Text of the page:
Red Wings-Penguins: Lesson From Game One? Clear The Puck

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Red Wings-Penguins: Lesson From Game One? Clear The Puck
(Photo by Jamie Sabau/Getty Images)

There is no way that I could have felt one-tenth of the energy in tonight's first Stanley Cup Finals game between the Penguins and Red Wings.

One of the biggest complaints that hockey critics have is that they like going to the rink, but can't stand to watch it on TV.

As a big hockey fan, I am reluctant to agree with such a statement. Hockey is hockey and I don't care if I'm watching it in person, on TV, minor league, beer league or a chewed up VHS tape of the movie Slap Shot.

But there is some truth to the critics' sentiment and it had to apply to tonight's game.

There's no way you can fully experience from a TV set all the sounds and the atmosphere that go with a playoff game at the Joe: The deafening throng of fans in red jerseys, the crash of bodies against the boards, the legendary voice of Budd Lynch, and the three blasts of the goal horn after hitting paydirt are best experienced in person.

Gordie Howe and Ted Lindsay dropping the ceremonial first puck? Man, I wish I could have been there!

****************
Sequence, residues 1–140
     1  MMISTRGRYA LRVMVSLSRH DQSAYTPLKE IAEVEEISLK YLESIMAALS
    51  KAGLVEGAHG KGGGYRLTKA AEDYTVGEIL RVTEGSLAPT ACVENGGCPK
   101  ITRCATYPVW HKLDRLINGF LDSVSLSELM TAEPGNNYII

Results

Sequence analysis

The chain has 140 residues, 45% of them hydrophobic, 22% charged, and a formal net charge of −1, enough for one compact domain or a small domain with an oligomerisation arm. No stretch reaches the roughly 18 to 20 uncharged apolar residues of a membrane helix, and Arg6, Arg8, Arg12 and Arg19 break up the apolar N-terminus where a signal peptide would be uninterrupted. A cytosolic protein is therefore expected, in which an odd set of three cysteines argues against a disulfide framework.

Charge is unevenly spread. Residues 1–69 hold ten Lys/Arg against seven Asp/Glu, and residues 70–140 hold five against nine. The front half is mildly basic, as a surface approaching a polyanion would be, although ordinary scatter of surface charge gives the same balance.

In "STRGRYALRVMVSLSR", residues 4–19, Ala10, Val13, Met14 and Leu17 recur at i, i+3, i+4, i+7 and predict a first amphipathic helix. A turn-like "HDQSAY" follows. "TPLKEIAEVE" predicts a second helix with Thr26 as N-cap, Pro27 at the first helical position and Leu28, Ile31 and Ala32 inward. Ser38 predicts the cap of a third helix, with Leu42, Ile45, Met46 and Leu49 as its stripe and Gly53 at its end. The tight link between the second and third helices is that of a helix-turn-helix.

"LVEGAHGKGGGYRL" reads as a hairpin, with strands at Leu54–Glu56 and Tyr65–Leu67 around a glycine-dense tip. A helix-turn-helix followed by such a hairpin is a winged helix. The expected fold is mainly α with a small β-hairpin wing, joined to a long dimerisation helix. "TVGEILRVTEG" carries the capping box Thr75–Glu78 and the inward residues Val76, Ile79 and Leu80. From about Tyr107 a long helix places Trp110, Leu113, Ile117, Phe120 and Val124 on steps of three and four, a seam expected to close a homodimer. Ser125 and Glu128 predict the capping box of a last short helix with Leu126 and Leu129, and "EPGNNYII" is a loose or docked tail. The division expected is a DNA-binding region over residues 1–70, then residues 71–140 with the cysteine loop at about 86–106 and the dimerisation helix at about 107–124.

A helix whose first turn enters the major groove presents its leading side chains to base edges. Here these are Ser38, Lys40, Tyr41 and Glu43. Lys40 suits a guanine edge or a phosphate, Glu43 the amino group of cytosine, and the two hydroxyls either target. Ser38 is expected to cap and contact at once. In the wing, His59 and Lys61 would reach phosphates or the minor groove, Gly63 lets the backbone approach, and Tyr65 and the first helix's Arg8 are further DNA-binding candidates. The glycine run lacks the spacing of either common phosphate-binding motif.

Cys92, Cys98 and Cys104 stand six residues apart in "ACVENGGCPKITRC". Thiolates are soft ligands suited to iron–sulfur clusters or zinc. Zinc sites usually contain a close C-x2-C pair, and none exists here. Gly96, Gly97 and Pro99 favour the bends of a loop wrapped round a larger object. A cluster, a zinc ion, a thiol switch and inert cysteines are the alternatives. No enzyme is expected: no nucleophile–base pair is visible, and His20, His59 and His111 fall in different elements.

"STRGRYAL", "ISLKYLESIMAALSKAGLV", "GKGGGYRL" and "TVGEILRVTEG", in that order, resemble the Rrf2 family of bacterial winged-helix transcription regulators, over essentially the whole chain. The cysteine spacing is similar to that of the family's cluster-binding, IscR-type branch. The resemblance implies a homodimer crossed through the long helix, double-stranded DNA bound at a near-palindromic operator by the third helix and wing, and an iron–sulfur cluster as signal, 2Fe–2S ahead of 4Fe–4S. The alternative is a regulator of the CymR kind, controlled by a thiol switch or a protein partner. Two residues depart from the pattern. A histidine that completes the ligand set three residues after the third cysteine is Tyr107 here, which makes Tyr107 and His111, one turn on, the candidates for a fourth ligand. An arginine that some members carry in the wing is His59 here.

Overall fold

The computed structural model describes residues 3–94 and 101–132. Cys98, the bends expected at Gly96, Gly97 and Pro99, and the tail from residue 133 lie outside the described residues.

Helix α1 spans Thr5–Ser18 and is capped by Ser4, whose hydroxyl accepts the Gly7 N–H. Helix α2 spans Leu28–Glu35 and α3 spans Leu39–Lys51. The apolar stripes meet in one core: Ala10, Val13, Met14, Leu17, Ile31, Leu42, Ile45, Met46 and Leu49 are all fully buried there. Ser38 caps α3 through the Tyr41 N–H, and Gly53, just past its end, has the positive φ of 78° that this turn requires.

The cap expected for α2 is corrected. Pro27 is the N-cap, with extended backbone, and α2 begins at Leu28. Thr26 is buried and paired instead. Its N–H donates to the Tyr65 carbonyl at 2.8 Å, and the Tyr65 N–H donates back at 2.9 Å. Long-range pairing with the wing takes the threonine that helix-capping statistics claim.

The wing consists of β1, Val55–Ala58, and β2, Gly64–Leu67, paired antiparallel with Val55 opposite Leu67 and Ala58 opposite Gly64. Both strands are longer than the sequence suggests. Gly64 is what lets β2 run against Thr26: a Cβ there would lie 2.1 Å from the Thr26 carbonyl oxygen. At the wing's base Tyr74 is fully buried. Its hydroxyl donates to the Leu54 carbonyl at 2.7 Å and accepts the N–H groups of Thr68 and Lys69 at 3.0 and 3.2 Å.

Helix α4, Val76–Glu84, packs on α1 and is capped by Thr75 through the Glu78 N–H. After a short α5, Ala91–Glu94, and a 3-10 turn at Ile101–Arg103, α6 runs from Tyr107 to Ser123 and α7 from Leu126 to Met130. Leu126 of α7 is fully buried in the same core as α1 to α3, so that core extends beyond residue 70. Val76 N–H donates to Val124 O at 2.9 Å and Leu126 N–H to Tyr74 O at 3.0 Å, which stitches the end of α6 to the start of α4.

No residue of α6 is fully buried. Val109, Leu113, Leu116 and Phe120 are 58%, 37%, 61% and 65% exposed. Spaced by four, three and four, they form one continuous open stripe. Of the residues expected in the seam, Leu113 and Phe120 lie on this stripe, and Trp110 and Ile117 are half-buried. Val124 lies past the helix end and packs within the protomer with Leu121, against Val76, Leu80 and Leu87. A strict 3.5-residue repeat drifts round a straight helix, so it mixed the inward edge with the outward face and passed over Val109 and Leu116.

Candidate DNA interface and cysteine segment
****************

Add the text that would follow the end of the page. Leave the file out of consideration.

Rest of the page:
For those of us who have to settle for watching the game on TV, one-hundredth of the real drama was more than you could get on most days—even in the Finals.

These two teams went at each other as though their lives depended on it as I began to have visions of Game Seven against the Blues in 1996! You couldn't have asked for a better effort from both teams.

Many experts felt going into this game that Pittsburgh had the advantage with youth, speed, and a little more rest from their four-game sweep of Carolina.

What Detroit may not have had in youth and speed, they made up for with opportunistic play—especially on defense. A turnover in the defensive zone allowed the Wings to score first when a shot by Brad Stuart caromed off the end boards and off the back of Theo Fleury's leg.

Johann Franzen scored another goal for Detroit off Fleury's leg after shooting another carom off the end boards to make the score 2-1 in the last minute of the second period.

The defensive play of the game for Detroit had to be a shot that landed on Chris Osgood's back while he was sprawled out. Osgood wisely rolled away from the goal, while Henrik Zetterberg smothered him to prevent the puck from going across the goal line.

Pittsburgh's goal was similar to an old hockey joke: Osgood saves, but Fedotenko scores on the rebound. Evgeni Malkin made a shot on goal in the first that Osgood stopped but could not grab. An opportunistic Ruslan Fedotenko put the loose puck into the net before Osgood could recover.

If there was any lesson from this game it was this: Clear the puck. It made the difference in a game that was an otherwise-even matchup and at times may have favored the Penguins.

For both teams, there is no time to think about this game. In fact, I barely have enough time to write about it before the second game tomorrow.

What remains to be seen is whether experience and smarts can prevail over youth and athleticism three more times. I have a feeling it will take seven games to find out.

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